The buzzwords that accompanied last season were ‘transition’ and ‘patience’.
Yet, these need to be exchanged for ‘progression’ and ‘entertainment’, as Norwich supporters demand tangible improvement on what they consumed last season.
With the sale of key protagonists in Josh Murphy and, perhaps more notably, James Maddison, the mood amongst the supporters is unsurprisingly pessimistic. The aforementioned names were City’s main source of offensive productivity and output.
The gaping hole in the finances has been filled with the fee raised by Maddison’s sale, but it has left an arguably bigger one on the pitch. Financially, Norwich now lay in an altogether more comfortable and secure place which will aid the long-term insurance of the football club.
Last season, the offensive movement was too predictable and their play on the ball too lateral.
The impending arrival of Moritz Leitner coupled with the addition of Emi Buendia could look to make that intricate play more decisive and add precision and directness to offensive phases of play.
To find direct replacements for Murphy and Maddison is impossible, certainly in terms of statistics and quality, on the budget Norwich currently has to operate with. That money must be used to sign adaptable, intelligent and versatile footballers who can adopt the system being deployed by Daniel Farke.
The goal scoring burden needs to distributed evenly across the team. In reality, City created the opportunities but lacked the cutting edge to score enough goals but there is an argument that the sale of Maddison will present a freedom and podium for other players to stand up and be counted.
The over-reliance on Maddison was pertinent throughout the entirety of last season, and the extraction of his undeniable quality could create a more cohesive and well-oiled unit. However, if they fail to replace the output provided by Maddison and Murphy, a season of malaise and struggle could be in store.
In late June however, it’s impossible to place a prediction containing any substance surrounding Norwich’s final placement.
The magnitude of the job in hand for Stuart Webber has been well documented. Come August 4, he will have needed to source a genuine, consistent goal threat coupled with a cohesive offensive midfield unit.
Norwich’s game in possession lacked invention and risk for lengthy periods of last season. The three at the back formation resulted in greater cohesiveness due to the options for the player on the ball, preventing lateral football, but encouraging intricacy with the central focus.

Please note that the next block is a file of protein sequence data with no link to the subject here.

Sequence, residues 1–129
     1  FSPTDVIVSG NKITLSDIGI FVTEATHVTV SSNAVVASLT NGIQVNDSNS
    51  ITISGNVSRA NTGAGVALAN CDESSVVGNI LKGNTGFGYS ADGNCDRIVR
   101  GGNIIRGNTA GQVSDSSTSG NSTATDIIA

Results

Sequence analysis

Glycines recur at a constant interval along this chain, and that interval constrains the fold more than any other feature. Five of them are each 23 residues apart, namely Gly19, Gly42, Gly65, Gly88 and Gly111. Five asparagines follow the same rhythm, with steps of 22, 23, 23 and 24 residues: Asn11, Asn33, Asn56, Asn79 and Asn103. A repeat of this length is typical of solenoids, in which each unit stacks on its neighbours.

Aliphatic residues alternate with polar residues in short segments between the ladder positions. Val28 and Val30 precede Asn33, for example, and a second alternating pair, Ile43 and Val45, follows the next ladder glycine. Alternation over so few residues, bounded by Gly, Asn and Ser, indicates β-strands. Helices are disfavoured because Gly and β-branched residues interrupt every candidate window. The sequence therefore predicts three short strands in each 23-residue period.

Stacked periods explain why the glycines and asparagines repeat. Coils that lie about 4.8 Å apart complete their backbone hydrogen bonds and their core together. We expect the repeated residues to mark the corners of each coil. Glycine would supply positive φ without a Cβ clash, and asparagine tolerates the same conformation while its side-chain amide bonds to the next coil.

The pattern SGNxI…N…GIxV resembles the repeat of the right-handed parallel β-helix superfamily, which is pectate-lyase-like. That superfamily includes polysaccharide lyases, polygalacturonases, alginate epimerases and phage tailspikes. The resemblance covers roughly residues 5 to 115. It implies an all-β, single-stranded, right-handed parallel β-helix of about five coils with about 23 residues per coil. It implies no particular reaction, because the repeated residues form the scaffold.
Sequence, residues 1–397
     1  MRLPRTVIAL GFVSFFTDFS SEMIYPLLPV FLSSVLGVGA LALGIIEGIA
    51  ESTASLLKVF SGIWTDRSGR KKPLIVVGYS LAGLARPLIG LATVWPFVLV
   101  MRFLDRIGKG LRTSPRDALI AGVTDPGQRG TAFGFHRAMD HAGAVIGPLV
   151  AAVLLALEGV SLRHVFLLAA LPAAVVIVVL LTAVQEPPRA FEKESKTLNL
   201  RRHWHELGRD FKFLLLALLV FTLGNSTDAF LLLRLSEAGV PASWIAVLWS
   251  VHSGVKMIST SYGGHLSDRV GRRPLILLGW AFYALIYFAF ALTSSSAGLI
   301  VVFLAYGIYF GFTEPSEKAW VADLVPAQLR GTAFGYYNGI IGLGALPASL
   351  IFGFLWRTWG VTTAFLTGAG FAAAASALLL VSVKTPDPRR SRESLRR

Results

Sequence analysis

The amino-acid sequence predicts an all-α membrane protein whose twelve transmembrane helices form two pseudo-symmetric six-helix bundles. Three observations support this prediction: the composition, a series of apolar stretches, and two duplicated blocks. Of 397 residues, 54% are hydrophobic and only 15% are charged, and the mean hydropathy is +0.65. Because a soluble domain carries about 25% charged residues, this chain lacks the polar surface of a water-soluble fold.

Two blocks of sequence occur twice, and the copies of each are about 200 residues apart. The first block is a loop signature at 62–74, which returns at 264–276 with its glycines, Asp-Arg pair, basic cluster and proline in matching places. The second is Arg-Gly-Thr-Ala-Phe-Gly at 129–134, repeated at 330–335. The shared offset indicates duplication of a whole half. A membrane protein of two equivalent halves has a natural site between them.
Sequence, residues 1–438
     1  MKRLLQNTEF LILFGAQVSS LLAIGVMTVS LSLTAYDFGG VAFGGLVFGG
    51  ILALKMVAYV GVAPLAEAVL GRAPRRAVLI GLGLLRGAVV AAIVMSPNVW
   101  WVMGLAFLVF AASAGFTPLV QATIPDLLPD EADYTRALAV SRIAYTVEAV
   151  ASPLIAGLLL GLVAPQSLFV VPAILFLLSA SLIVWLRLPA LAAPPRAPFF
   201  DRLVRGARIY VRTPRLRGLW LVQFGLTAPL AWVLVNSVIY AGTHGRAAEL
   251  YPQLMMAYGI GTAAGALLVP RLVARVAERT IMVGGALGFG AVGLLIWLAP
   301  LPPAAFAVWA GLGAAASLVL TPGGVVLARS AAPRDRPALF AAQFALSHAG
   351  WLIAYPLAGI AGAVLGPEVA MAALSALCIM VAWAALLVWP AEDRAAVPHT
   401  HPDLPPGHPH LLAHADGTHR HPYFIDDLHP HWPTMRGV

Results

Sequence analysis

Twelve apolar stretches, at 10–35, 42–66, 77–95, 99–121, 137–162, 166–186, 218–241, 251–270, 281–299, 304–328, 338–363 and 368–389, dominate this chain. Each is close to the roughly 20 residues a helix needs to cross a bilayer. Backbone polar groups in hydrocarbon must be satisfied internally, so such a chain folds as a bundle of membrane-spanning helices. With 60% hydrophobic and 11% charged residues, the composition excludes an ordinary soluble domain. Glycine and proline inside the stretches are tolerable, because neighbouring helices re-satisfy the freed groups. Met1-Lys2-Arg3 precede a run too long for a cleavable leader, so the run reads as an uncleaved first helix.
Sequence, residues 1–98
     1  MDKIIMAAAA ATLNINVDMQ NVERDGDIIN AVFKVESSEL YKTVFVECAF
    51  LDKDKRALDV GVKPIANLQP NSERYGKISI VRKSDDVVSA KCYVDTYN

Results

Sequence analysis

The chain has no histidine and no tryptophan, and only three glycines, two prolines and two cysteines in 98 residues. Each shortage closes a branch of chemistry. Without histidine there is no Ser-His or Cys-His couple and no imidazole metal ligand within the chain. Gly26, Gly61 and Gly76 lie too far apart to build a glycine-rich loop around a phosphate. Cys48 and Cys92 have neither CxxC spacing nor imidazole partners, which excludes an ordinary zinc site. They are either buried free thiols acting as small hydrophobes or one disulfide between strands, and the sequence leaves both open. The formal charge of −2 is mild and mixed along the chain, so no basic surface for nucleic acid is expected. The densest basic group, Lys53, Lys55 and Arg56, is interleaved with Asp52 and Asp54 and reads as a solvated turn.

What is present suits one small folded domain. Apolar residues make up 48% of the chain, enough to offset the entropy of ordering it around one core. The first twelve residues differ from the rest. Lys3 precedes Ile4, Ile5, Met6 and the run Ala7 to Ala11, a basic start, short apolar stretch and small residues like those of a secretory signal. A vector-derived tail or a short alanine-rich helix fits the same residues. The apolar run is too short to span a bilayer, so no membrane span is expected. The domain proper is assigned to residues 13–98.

Four at back formations tend to operate in straight lines, and this makes transitioning between the phases of the pitch more difficult, hence why City struggled to score goals. Pep Guardiola coaches his players up to the final third, and from there he encourages creativity and spontaneity. There is an argument Norwich too need to let off the leash offensively.
Farke has options mind.
At Carrow Road, where expectation will be placed upon Norwich to make an impact and take the game to opponents, the intricacy and central reliance of a three at the back formation could prove a viable and successful option.
Away from home, where Norwich will need to be pragmatic and will have less of the ball, a more dynamic, simplistic and athletic 4-2-3-1 could be deployed. Norwich’s game is based on space manipulation and angles – combine that with an increased tempo and an injection of invention in the final third, and Norwich will be a more entertaining entity.
There are still a multitude of loose ends that require tying up in the next month, the most documented being the striking situation, but others include the need for wingers, a right-back and all the while ensuring they stay aligned with EFL homegrown rules.
Naturally, among City’s partisan supporter base there are reasons being highlighted that cause for concern but others that install enthusiasm and excitement.
A tangible improvement needs to be evident on the pitch as Farke’s operation enters its second season, or those custodians will find a fair amount of flak arrives at their doorstep, rightly or wrongly. The nature of Norwich’s approach is that unknown names will arrive and calculated risks will be attempted.
It’s that which makes the Jordan Rhodes link unsurprising.
It’s divided the fan base. On one hand, Rhodes is a striker who has scored 9 goals in two seasons but has a one-in-two goalscoring record. At 28, he just about fits into the age profile Norwich explore for potential signings, and Farke and Webber have before gone down the route of reviving the careers of players who have lost their way.
See Leitner, Trybull, Hanley etc.
Rhodes is a poacher. A natural finisher, he’s not a striker built on pace nor his ability to link the play, but he operates between the posts and comes alive in the box. It may not work, but considering Norwich’s current location, he could be the Championship nous many have called for.
So, loose ends, and a lot to solve, but more incomings to whet the appetite alongside the beginning of pre-season. Anyone feeling excited yet?